Unfortunately—and I presume it was for contractual reasons—Daws Butler couldn’t re-create the characters he voiced in cartoons for all kids records. Thus, we hear New York radio actors like Gil Mack and Frank Milano attempting (with not a lot of success, I’m afraid) to sound like Mr. Jinks or Super Snooper on Golden Records.

But well-known cartoon voices were enlisted, too, and perhaps the oddest choice to impersonate Huckleberry Hound was the versatile Jack Mercer, who spent decades as the aural alter ego of Popeye the Sailor.

Over at the Sphinx, Snake and Boris have posted an obscurity that’s kind of a combination of a kid’s record and a Give-a-Show movie projector called “Movie-Wheels.” This 1960 venture doesn’t appear to have been around for long, but it did license the top two H-B characters of the time and had Mercer voice them. The Sunday Herald of Bridgeport, Connecticut did a story on “Movie-Wheels” on October 30, 1960.


Newest Thing in Records: Huckleberry Hound and Yogi
Lou Lewis of Bridgeport and Westport’s Paul Kwartin have launched a new phase of the record business. It is called “Movie-Wheels” and offers this innovation:
Suppose the record is about “Huckleberry Hound.” The child playing this, holds the envelope which has in one corner a built-in, revolving device that shows the “Hound” pictures by dialing. The other side of this particular record is “Yogi Bear and His Friends.” With this also is a series of pictures, making the new product a kind of music to listen by while dialing.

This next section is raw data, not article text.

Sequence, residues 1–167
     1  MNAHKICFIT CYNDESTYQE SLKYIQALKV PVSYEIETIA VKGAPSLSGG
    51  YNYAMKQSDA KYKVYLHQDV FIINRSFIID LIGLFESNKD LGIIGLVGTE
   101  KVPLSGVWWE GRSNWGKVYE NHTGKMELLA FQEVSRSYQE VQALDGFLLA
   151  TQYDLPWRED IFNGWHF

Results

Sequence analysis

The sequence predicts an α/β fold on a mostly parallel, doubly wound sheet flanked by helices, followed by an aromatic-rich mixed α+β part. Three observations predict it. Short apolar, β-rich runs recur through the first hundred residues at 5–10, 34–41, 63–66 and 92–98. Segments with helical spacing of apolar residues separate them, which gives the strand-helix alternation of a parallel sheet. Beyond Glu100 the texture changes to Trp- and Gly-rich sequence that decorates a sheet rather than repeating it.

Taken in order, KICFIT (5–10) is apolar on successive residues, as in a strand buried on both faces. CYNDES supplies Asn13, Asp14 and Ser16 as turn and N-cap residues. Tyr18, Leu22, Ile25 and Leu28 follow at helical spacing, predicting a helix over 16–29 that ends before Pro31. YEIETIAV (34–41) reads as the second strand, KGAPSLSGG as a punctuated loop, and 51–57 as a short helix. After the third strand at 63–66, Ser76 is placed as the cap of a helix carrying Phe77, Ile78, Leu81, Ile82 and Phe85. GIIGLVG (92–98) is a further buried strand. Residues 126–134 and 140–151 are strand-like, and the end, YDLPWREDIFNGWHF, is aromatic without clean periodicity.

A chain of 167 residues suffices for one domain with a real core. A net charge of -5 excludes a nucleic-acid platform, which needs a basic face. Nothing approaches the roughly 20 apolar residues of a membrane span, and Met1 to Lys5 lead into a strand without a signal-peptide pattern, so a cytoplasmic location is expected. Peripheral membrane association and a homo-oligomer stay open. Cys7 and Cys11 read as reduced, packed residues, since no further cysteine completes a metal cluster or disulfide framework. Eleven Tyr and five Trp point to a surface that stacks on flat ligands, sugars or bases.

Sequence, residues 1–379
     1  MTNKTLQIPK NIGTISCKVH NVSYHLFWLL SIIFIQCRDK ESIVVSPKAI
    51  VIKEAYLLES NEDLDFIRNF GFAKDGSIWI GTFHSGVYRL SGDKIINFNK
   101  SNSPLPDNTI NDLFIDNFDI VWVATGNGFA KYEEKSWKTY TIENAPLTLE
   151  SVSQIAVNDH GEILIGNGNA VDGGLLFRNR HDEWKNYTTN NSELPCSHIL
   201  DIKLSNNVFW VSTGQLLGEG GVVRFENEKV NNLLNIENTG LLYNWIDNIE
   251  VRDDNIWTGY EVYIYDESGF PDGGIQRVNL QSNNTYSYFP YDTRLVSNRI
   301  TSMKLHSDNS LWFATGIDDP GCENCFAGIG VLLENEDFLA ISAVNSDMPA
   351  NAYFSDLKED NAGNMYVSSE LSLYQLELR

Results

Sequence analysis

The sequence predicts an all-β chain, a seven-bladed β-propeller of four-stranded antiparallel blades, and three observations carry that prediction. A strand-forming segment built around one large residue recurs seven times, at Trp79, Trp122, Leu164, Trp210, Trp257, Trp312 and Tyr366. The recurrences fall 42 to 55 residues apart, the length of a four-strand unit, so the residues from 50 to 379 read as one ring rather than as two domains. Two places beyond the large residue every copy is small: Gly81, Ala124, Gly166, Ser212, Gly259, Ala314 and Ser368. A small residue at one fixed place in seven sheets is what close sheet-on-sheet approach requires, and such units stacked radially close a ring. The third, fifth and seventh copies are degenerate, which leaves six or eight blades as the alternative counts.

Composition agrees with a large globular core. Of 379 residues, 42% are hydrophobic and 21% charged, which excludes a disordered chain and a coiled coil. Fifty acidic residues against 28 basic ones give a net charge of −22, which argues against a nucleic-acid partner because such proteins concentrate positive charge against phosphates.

* * *
LEWIS is making these records at the Lithographic Corp. of America, 1483 State St. The platters, he says, are non-breakable and made differently from all other existing records.
While “Movie-Wheels” begins as children’s entertainment, it is expected to develop because of the picture addition, as a general education aid.
Another product of the same concern, but being made in Chicago, is the magazine called “Echo”. This in miniature form is published once a month and contains six records, along with pictures and stories about the performers.
Kwartin is the well known baritone who also is consultant at United Artists in New York.
One of the upcoming “wheels” will be about Popeye, a character with whom Kwartin has had a great deal of business experience.
President of the company is Paul White of New York. Asked when new ingredient goes into the records, Kwartin said “Very simple — it’s polyvinylchloride.”

What Dr. Kwartin’s connection had been with Popeye is a mystery. Kwartin was an opera singer who was also chairman of the American Conference of Cantors. He was the Cantor at Union Temple in Brooklyn, presented sacred Jewish music on radio, and had a promotional job in the late ‘60s at the Lincoln Center.

So how did Mercer do?

Well, you can hear for yourself. Click on the title. He’s certainly different and some of the voices may sound like something from a Paramount cartoon.


HUCKLEBERRY HOUND – THE MOON JUMPER
YOGI BEAR – THE BIG BOOM

My thanks to Sam to Q for spending the $7 on this obscurity for you to hear. His blog has a lot of interesting music links for you to check out while you’re there.

There was one other familiar actor who lent his considerable pipes and talent to Huckleberry Hound and who later appeared in Hanna-Barbera cartoons himself—a chap named Solomon Hersh Frees. I’m sure you know him better as Paul.